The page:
Robots, religion, and Indian cinema

This week, a friend in India sent me a fascinating link: a brand new cinematic short based on a story written by the great Indian filmmaker Satyajit Ray. Director Sujay Ghosh resurrected the 1976 story about a robot servant and made it an instant Internet sensation.

Briefly, the film “Anukul” (see it here on YouTube) explores the conflict that emerges when robots get smarter than human beings and robot workers lead to human unemployment. But rather than caving in to what Isaac Asimov called the “Frankenstein complex,” the film reconfigures the human-machine conflict through its attention to The Bhagavad-Gita.

anukul

The Gita teaches that one must do one’s duty without regard for the fruits of one’s actions, and in Ghosh’s film the Hindi teacher who brings the humanoid robot (Anukul) home passes on the importance of duty to it. Indeed, Anukul learns the lesson so well that in the end he ensures that the teacher can continue in his own duties as a householder. That’s all I will say about the film’s plot. Go watch it!

Two remarkable things to note:

  1. The film’s emergence now indicates a surging interest in the promises of transhumanists and techno-futurists.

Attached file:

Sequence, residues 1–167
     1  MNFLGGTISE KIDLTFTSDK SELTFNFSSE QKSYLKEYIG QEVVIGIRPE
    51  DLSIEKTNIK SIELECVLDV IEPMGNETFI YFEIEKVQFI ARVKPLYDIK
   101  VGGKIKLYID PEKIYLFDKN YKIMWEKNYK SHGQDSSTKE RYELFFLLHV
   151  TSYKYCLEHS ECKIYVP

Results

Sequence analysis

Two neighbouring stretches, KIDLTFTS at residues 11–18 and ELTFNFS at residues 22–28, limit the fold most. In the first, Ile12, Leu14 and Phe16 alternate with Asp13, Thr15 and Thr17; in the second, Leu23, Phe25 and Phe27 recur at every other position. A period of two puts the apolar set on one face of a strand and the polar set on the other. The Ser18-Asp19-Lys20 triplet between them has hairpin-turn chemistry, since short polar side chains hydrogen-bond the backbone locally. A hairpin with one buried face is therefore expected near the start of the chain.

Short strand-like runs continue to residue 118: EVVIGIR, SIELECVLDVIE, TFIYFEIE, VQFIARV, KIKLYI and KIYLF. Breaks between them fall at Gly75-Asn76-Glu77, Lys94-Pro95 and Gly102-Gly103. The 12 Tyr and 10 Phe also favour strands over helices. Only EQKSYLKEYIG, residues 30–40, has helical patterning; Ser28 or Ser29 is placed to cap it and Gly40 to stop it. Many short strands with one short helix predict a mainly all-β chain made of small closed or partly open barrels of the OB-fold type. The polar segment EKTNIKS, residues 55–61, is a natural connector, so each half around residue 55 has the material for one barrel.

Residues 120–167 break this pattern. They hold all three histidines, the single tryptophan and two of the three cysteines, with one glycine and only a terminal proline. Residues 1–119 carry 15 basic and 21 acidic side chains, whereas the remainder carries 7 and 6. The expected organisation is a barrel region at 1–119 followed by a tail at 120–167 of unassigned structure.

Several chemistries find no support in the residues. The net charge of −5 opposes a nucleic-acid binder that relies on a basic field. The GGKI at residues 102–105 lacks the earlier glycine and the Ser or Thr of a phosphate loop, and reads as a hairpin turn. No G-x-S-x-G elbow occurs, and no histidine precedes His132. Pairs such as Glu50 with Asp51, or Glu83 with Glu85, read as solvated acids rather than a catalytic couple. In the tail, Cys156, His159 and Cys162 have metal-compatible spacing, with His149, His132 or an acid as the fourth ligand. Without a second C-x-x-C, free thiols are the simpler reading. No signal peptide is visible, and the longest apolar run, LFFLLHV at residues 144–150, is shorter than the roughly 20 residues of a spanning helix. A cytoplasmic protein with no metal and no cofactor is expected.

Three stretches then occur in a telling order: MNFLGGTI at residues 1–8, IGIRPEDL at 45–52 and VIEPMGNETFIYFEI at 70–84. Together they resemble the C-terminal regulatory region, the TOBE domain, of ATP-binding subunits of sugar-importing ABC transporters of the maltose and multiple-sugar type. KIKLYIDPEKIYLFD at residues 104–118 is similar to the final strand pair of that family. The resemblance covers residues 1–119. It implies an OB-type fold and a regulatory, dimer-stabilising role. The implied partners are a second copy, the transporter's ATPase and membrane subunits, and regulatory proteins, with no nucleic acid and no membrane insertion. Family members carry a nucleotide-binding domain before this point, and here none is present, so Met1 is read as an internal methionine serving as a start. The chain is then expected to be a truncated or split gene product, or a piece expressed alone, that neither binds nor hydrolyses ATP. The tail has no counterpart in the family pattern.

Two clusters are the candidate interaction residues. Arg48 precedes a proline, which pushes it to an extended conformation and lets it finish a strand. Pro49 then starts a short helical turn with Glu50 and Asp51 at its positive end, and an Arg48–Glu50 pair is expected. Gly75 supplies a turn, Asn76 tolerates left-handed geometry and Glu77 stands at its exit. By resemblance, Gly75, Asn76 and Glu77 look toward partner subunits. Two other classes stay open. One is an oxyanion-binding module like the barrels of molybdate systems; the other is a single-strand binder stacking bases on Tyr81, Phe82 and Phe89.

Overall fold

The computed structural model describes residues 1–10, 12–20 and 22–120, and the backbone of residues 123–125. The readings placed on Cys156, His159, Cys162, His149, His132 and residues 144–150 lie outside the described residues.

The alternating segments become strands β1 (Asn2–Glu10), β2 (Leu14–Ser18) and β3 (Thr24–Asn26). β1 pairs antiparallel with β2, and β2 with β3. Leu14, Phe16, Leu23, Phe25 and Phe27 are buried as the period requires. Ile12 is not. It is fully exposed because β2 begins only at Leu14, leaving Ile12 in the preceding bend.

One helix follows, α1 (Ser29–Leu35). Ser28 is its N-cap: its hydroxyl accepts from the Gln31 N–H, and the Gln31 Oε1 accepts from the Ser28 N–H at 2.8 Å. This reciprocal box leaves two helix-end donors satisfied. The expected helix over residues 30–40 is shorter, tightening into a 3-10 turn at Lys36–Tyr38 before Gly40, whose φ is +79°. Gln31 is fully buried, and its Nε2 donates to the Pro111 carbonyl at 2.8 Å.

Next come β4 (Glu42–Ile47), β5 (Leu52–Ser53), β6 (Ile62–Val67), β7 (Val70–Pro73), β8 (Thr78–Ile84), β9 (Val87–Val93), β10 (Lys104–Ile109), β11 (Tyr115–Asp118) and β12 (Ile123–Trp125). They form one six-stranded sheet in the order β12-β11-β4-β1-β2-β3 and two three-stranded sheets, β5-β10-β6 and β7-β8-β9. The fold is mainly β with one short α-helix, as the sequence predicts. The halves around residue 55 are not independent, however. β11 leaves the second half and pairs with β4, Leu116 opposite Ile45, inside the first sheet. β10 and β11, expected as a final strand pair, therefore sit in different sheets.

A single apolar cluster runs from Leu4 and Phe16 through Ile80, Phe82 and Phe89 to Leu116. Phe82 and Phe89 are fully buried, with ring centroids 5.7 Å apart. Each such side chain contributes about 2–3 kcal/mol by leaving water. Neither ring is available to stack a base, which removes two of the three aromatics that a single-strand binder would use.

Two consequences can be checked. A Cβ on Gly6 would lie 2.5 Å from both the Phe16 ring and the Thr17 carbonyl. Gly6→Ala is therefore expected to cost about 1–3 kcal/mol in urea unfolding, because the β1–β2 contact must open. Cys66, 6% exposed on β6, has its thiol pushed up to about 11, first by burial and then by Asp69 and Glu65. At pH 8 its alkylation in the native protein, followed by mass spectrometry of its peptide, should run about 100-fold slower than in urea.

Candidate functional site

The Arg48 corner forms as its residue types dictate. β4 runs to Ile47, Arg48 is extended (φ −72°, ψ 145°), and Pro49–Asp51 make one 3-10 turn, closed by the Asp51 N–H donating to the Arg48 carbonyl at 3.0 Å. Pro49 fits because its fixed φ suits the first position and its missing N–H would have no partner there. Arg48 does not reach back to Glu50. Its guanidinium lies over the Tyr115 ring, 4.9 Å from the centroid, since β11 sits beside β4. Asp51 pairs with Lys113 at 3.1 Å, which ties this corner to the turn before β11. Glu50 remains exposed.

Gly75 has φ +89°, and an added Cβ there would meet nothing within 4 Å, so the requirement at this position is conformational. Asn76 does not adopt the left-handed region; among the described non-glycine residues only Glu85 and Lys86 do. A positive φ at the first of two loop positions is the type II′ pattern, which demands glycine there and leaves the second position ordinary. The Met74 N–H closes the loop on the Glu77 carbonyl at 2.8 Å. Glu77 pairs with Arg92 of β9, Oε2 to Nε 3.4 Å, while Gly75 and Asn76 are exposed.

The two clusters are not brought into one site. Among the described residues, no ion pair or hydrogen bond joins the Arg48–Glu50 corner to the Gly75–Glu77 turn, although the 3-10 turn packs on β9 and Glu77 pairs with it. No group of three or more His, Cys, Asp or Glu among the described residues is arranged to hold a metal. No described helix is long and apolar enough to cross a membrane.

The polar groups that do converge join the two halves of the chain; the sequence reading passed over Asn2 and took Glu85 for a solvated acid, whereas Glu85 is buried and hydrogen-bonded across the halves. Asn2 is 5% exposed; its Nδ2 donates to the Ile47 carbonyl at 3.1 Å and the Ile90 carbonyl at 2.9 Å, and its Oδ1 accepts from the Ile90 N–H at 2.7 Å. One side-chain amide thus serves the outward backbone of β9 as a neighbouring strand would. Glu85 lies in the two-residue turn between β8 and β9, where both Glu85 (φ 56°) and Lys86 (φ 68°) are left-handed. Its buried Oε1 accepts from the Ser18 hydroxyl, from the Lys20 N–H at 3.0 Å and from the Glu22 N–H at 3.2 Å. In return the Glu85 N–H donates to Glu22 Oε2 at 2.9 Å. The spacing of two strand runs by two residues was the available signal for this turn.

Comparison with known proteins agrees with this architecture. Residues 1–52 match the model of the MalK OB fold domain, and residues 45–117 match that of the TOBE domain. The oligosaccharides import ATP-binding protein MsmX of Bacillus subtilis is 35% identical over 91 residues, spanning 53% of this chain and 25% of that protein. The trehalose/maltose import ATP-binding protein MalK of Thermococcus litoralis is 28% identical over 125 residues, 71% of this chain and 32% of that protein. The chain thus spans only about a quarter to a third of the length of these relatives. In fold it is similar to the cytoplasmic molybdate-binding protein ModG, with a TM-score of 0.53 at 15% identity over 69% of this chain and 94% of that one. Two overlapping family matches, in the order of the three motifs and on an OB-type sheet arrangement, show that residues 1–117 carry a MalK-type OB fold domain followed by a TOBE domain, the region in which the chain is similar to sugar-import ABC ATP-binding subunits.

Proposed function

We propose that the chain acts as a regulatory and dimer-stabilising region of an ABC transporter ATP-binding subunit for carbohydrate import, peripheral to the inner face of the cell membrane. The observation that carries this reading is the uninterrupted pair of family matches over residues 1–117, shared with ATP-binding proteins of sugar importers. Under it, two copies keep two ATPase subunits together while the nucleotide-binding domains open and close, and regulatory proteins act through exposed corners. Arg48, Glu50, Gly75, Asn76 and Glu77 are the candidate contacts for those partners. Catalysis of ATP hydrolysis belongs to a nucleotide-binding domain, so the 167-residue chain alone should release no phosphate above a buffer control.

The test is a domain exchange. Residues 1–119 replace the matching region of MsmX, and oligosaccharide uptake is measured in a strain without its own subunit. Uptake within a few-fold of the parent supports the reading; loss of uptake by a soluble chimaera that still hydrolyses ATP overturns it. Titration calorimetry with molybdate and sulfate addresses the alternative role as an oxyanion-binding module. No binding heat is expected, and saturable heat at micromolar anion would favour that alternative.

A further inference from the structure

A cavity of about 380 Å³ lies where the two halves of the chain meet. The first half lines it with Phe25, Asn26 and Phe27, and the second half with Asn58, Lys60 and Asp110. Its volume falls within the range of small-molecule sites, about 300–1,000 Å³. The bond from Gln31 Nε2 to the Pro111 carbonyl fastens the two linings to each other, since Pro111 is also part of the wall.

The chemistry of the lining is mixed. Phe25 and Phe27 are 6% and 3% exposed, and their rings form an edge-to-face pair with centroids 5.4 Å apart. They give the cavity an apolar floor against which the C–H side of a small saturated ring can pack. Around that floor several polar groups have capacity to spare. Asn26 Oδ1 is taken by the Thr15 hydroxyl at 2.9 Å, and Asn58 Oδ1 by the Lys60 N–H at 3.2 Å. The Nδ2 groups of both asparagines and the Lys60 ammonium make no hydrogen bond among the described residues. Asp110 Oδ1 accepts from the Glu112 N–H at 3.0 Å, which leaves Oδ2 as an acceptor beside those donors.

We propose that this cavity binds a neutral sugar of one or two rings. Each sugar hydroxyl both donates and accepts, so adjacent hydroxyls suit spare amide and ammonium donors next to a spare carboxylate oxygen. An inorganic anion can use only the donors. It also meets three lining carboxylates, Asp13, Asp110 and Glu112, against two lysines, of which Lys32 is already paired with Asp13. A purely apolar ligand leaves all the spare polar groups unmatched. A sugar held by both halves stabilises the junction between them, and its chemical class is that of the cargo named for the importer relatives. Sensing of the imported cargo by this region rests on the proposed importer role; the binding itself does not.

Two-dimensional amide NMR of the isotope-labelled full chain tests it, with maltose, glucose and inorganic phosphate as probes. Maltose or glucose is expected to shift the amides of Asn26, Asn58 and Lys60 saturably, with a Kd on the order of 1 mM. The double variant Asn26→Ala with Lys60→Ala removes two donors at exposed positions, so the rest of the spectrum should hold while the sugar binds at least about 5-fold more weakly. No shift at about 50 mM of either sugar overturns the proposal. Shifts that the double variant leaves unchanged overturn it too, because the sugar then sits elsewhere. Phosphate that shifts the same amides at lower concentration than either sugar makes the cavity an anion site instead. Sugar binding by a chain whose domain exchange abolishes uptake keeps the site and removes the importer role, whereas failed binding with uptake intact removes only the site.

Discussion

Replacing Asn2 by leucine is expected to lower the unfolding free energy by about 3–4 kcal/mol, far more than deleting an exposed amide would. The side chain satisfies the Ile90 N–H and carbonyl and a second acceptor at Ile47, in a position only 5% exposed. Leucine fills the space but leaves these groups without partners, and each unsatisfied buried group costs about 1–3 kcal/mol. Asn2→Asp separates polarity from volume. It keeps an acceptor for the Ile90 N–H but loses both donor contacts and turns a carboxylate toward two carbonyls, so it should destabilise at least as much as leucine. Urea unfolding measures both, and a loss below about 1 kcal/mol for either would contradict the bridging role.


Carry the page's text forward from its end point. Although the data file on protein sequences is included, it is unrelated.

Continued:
2. The religious environment is not neutral to how human beings interpret the existential questions posed by machines of greater than human intelligence.

As I note in my next book, transhumanism and western-style futurism is going to be more and more a part of the Indian landscape. A short story buried in obscurity despite its tremendous pedigree now leaps to the attention of hundreds of thousands (and is lauded by the press). In doing so, it reveals that there is no one way to think about the future or transhumanist promises: global religious perspectives will effect the absorption of futuristic claims about robots, artificial intelligence, and our human future.

 

 

 

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